Caught between the callousness of an absent father and the delusions of a troubled mother, a lonely young girl in the 1980s tries to lay claim to her own identity in Dunne’s debut novel.
Eva Korkova, the main character of this sometimes-poignant look at growing up poor in America, is forced to live in a run-down New England trailer park following the dissolution of her parents’ marriage. Her dad is rich but withholding, and her mom can’t come to grips with economic realities. Fiercely intelligent but socially disconnected, Eva finds solace in a steady flow of junk food and her friendship of another teenage outcast, Wayne, who’s shunned by others because of his weird hair and latent homosexuality. The off-kilter Eva bounces between the trailer park and her dad’s place in dusty New Mexico, where she receives even more harsh criticism and only provisional affection. Divorce, death, and disapproval threaten to crush young Eva, but she continues to endure, persevere, and even triumph. The author gives Eva a powerfully distinctive voice, and despite the young protagonist’s relentless sadness, she’s more mature and self-aware than any of the contemptuous adults surrounding her. Less well defined, however, is the thumbnail plot. Daunting challenges rise and recede without ever providing very much drama. Readers never get a clear understanding of how Eva’s able to summon the gumption to overcome such remarkable obstacles. Important themes, such as teenagers’ self-loathing and poor body images, are rendered virtual nonissues following Eva’s largely unexplained weight loss. A family secret that’s hinted at early on resurfaces late in the proceedings, but with little overall impact. Despite these shortcomings, however, Eva remains a compelling character—even if she’s one that many readers may wish they knew better.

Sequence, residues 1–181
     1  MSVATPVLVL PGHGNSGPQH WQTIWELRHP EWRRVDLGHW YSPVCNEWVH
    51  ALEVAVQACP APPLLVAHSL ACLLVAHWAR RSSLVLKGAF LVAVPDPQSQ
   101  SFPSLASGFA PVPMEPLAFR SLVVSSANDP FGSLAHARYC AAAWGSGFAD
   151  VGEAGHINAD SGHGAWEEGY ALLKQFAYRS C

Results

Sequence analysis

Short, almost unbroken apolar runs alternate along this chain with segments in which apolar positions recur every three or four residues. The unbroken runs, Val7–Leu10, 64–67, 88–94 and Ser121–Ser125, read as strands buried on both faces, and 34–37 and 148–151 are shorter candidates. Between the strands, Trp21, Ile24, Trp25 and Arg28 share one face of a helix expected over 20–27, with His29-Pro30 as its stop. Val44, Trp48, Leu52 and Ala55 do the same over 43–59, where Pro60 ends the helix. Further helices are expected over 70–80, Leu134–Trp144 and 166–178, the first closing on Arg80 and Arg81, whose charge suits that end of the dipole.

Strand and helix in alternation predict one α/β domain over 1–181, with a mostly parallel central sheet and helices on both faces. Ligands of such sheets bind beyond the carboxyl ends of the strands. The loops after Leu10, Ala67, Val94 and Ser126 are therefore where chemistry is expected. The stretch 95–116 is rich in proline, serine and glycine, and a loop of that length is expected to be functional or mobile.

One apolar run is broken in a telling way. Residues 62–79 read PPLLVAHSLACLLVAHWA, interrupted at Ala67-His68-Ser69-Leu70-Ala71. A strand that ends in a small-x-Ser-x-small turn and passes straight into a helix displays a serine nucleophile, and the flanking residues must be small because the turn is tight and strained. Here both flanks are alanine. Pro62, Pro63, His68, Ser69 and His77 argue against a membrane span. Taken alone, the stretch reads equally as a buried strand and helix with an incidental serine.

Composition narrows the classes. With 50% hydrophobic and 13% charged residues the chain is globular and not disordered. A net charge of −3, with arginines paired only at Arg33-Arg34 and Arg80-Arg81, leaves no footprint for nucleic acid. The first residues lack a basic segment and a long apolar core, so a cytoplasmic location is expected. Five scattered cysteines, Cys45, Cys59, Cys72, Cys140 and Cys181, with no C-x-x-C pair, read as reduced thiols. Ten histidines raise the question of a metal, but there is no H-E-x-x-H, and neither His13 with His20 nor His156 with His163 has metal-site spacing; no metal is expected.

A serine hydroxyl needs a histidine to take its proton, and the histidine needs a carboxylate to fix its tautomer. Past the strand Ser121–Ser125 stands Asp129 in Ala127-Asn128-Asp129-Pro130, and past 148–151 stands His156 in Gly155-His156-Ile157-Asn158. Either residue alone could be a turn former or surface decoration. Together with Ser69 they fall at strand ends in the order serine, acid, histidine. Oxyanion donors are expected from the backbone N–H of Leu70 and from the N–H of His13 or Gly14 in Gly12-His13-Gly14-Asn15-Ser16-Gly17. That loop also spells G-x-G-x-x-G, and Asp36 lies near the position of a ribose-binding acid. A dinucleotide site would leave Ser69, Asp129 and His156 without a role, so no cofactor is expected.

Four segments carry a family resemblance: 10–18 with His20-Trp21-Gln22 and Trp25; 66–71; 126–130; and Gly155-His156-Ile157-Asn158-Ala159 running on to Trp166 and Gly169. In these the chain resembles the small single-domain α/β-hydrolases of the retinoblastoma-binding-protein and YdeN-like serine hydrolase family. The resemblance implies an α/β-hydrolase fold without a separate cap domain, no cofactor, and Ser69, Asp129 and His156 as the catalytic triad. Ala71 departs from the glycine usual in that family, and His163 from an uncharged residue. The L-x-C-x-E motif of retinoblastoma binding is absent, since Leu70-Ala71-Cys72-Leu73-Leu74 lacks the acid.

An intriguing, if uneven, portrait of a young woman whose strength of character conquers a harsh environment.